What Would (a) Bacon-nut Do?
Recipes: Kombu + Freekeh cured Bacon (Beta), Bacon Bratwurst.
A few weeks back bacon enthusiasts gathered in the hip Logan Square neighborhood to sample bacon creations from some of Chicago's top chefs, to peruse porcine products from vendors and to worship at the larded altar of cured belly. Yes it was the second running of Baconfest Chicago. I can't really say I'm a bacon enthusiast, it's like saying I'm a breathing enthusiast, but breathing enthusiasts probably participate in marathons...I'm not doing that either... Even though I have pontificated about bacon in previous posts, I didn't think I needed to attend a fetish convention. That is until they announced an amateur bacon bake-off.
Oh boy, I have never entered a contest before, but I excitedly submitted my bacon bratwurst recipe. It proved very popular at Oktoberfest last year.
While I waited for an answer, I plotted my entry. The bacon I make is a pantry staple, nothing extreme or fancy, just bacon, a team player willing to lend it's smoky goodness to any situation. But now.....If I'm gonna be competing with baconphiles, I need to bring my A-game, I need a bacon with unattainable ingredients cured in a an unimaginable brine. I need to go gourmet.
Call in the Rod
So my friend Rod, has a brother, or is it a cousin, who has a farm out by Iowa City, he keeps a few hogs. Rod got one. When he ran out of room in his freezer he sent me a few packages.
Unattainable beautiful side pork ready to cure. Now for the never before imagined brine:
I knew I wanted to use some Kombu for its umami properties (I talk about kelp powder in a previous post), and I wanted to try some Lapsang Souchong tea to add smokiness to the brine. But I forgot to buy tea, so I went with my favorite smoked grain, Freekeh.
Kombu + Freekeh Brine (Beta)
2.5 L water
22g (One sheet) Kombu (kelp)
10 g black peppercorns
5g whole coriander
2 fresh bay leaves (now that's gourmet!)
Combine all ingredients in a non-reactive pot and boil for two minutes. Chill before using.
I covered the bacon with the brine and let it soak overnight. The next day I let the bacon air dry in the fridge before smoking. That night I fired up the smoker. I hot smoked the slices for a half an hour, just enough time to snap a publicity photo (In case I had to sign autographs at the contest).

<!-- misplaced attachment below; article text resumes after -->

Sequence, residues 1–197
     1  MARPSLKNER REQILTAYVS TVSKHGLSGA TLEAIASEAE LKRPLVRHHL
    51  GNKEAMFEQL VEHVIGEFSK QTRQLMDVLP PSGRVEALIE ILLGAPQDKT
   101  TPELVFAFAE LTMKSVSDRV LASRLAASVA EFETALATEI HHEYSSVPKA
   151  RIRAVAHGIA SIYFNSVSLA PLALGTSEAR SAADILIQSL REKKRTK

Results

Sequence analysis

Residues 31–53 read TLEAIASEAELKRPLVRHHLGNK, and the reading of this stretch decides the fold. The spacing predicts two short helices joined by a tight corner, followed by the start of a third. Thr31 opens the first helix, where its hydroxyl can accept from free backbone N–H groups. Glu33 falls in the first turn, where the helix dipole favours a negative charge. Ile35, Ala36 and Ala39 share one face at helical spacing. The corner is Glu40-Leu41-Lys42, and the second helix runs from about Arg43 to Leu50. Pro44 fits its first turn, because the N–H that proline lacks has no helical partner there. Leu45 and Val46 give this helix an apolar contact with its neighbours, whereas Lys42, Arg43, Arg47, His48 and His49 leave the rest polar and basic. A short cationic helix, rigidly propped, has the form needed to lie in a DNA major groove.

I'm ready for my close-up.
The bacon is made time to make a contest.
[BEEP BEEP -THE TELETYPE STARTS TAPPING A MESSAGE]
Oh, Someone is ringing across the Telex. It's Andre Vonbaconvitch from BaconFest Chicago:
We love these Brats. It was SO close to making the cut. Just wanted you to know it really does look delicious - and we're sorry we couldn't include it this year. Thank you so much for submitting.
[TELETYPE STOPS TAPPING]
I made the sausage anyway. Running the stuffer cheers me up. Besides I didn't want have to wear a funny bacon hat.
Drei im weggla.
I was not about to stuff bacon willy-nilly into a sausage just to impress some trenchermen, I wanted a sausage with pedigree, so I cracked open my $5 copy of Larousse Grastronomique. I found many worthy sausages that are made with bacon, but brat from Nuremburg caught my eye. Nuremberg sausages are famous for thin and short. I read on one cultural website that the tourist should say "Drei im weggla! (three in a roll!)" to order this regional specialty. Here's my recipe:
4 lbs/1.8Kg ground pork
14 oz/400g bacon (coarsely ground)
27 g salt
7g black pepper
3g ground mustard
Beat together all ingredients using a really big spoon or with the paddle attachement on a stand mixer, Add upto a cup of cold water to make a smooth mixture. Stuff into sheep casings. For the authentico look, fry in an Albert Turk Forged Iron Pan, serve three on bun.
I would try again next year, but in the past month I have lost my amateur status. Happy cooking.